“It would be great if everyone would do this when they see a coyote, but at the moment this is not really happening,” Quinn said. “Also, coyotes in Southern California appear to take a lot of risks and come in close contact with humans so community hazing may not deter them.”

More intense hazing, like shooting them with paintball guns, might be more effective techniques for government agencies to manage urban coyotes, she said.

To find out if any of these techniques work, the UC wildlife scientist would like to put collars on urban coyotes to study whether the animals move away from locations after hazing.   

Quinn would like to put collars on urban coyotes to study whether the animals move away from locations after hazing.

“We are seeking funding to collar coyotes to find out more about their activity and social structure and how they react to different types of management,” Quinn said. “We would need to figure out if the effects of the hazing are long-lasting, or if the coyotes just revert to ‘bad behavior' when the hazing is stopped.”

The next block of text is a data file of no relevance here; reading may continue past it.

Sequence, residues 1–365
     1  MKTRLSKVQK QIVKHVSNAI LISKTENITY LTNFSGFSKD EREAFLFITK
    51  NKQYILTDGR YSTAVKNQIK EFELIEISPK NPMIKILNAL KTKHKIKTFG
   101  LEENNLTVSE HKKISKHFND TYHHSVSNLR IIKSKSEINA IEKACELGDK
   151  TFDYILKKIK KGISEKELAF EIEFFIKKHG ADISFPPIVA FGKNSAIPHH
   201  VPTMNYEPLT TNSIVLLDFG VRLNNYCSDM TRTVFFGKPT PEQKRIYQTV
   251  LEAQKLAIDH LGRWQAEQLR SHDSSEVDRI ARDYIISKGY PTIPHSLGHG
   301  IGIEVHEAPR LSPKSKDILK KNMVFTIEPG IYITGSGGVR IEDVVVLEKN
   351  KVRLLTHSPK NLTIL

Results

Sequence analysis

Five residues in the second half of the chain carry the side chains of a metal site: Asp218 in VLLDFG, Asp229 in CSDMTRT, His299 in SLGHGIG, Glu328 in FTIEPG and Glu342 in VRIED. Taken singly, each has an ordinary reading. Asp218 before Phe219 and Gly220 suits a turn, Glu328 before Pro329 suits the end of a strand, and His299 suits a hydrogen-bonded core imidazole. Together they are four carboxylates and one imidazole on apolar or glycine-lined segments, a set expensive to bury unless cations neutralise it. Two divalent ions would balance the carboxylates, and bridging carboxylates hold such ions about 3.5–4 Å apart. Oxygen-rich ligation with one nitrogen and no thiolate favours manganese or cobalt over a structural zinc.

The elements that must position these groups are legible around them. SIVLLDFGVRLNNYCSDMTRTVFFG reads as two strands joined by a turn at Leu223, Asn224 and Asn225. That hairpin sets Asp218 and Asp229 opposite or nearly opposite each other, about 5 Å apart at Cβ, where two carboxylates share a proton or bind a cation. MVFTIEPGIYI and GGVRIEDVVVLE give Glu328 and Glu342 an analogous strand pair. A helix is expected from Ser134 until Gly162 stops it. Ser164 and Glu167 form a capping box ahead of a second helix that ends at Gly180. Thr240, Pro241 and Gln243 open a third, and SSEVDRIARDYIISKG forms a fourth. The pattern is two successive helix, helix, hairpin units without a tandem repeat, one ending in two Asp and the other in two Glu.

Although Quinn's research is focused on California, Coyote Cacher can be used anywhere in the United States. The website also offers information about urban coyotes.

Coyote Cacher can be used on a computer or on a mobile device at http://ucanr.edu/CoyoteCacher.

The Coyote Cacher app was designed by UC ANR's Informatics and Geographic Information Systems and funded by UC Cooperative Extension in Orange County.

 

Posted on Monday, February 13, 2017 at 12:07 PM
Tags: Coyote Cacher (1), coyotes (11), Niamh Quinn (12)

Coyotes are getting comfortable in Southern California

Coyotes pose a threat to domestic dogs. (Photo: Wikimedia Commons)
In another sign of growing frustration with wildlife in Southern California residential areas, a coyote was shot and killed in a Silver Lake neighborhood by an unknown suspect in June, reported Nina Agrawal in the Los Angeles Times. Residents are taking to social media to commiserate about increasingly bold coyotes, and actions taken to control them.

"It's very disconcerting. Are they coyote vigilantes or something?” the Times quoted one resident.

In a report presented to the L.A. City Council, the Department of Animal Services said its agency, the California Department of Fish and Wildlife and National Park Service had reached a consensus that the coyote population has not grown. The statewide population is between 250,000 and 750,000.

“They're not coming from anywhere, they're just here,” said Niamh Quinn, UC Cooperative Extension vertebrate pest management advisor who specializes in managing human-wildlife conflict. “They're now established in urban communities and they're reproducing successfully.”

Some Southern Californians believe the coyotes move to urban areas because of food and water shortages in the nearby hills, but Quinn disagrees.